One of the joys of reading is sharing favorite books with other readers. Even when I’m still reading a book that really strikes my fancy, I’m thinking about who else might really like it.
Of course sharing books often becomes giving books away, and that’s fine. I’m not that good at remembering who lent me which book, and I don’t even try to keep track of what book I lent to whom. But there is a downside. My book shelves gradually become cluttered with the books I didn’t like well enough to share. When there’s no more room for new books I want to buy, and the stack on my bedside table is reaching a tipping point, it’s time to cull. I almost never throw a book away. Instead, the thrift shop gives unwanted books the chance to find someone who likes them better.
Mysteries probably account for half the books I read, but my all-time favorite novel is The Master And Margarita by Mikhail Bulgakov, which not a mystery but a satire – and more. It combines mockery of Stalin’s Russia, particularly the literary establishment, with a romance and the story of Christ’s passion. This sounds complicated, possibly grim, but it’s easy to read and often very funny. Over the years, I’ve shared The Master and Margarita with numerous friends and family members and rarely get my book back. That’s okay. I’m happy to share and will keep buying copies for myself. Books aren’t free, but they aren’t that expensive either. Over the years, I’ve bought a least a dozen copies for myself.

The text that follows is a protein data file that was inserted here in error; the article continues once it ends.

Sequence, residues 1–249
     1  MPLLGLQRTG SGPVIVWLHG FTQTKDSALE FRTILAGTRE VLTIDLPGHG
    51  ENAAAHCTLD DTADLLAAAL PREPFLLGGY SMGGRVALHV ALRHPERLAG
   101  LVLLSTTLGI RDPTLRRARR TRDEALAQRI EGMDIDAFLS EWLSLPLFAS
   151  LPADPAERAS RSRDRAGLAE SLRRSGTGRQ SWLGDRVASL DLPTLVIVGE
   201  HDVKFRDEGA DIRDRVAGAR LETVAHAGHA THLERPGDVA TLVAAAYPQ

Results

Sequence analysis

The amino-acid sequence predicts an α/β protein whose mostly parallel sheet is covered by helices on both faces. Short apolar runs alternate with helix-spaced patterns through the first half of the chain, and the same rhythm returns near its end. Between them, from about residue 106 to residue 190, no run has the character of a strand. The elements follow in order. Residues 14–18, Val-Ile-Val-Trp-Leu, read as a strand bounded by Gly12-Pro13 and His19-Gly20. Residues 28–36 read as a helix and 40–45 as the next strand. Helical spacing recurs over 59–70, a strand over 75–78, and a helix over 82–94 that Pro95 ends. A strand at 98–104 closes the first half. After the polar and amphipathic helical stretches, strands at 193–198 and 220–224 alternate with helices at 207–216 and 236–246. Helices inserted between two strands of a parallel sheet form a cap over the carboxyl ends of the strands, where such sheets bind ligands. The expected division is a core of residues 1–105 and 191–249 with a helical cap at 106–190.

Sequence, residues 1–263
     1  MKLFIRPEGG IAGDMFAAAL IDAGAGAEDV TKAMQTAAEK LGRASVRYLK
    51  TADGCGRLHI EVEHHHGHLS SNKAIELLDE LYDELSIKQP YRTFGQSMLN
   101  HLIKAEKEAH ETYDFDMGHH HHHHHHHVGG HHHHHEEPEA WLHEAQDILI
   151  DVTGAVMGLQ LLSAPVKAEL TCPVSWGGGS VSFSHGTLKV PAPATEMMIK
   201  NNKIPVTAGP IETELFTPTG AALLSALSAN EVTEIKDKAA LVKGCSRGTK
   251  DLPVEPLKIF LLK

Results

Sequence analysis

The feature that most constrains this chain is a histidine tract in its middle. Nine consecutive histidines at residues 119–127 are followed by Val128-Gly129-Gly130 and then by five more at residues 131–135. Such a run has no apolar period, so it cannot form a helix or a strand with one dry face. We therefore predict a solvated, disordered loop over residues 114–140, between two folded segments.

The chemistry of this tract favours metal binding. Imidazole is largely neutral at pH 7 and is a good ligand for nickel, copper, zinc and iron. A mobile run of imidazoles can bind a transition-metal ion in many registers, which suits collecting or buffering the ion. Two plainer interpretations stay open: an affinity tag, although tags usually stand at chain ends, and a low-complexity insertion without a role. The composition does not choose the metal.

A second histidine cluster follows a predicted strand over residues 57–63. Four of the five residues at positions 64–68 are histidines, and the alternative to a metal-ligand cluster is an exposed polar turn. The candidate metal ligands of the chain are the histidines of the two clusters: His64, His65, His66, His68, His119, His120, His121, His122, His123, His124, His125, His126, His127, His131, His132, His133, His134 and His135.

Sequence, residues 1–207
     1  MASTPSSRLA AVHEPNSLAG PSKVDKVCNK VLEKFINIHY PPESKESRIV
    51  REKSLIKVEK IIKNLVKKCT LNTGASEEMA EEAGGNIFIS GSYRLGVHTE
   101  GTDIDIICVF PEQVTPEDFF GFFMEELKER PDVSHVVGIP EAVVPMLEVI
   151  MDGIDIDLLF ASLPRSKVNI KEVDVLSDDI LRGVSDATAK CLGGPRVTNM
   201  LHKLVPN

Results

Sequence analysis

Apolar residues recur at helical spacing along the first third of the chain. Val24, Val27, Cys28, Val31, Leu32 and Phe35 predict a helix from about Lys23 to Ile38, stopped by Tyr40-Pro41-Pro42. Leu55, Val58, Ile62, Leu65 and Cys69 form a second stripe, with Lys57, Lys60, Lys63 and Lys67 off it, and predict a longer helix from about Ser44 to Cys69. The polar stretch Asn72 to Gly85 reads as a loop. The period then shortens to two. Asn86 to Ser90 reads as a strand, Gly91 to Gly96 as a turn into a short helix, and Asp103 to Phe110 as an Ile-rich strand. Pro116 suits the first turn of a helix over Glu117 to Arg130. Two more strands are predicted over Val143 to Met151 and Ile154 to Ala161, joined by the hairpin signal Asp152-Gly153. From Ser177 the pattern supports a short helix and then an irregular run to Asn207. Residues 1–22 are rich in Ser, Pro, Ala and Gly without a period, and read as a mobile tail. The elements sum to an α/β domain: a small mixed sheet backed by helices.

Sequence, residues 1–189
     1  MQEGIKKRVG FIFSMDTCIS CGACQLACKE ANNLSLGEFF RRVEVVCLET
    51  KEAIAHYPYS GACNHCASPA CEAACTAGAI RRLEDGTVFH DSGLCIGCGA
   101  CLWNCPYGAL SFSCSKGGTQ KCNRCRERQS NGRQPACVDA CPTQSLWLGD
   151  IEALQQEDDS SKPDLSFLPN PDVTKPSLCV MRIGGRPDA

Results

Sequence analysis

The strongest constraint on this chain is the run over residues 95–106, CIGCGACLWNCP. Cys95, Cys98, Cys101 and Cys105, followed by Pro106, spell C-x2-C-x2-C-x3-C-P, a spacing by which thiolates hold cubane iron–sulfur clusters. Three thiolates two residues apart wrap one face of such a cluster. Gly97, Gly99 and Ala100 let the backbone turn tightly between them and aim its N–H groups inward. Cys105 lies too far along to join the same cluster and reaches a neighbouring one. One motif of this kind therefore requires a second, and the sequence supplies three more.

My favorite mystery is Tim O’Brien’s In The Lake of the Woods, which is not a who-done-it but a what-did-he-do. I just went to the bookshelves to check something that I wanted to mention about this book and found that I don’t have it anymore, and neither do I have my copy of What They Carried. It’s time to go book shopping.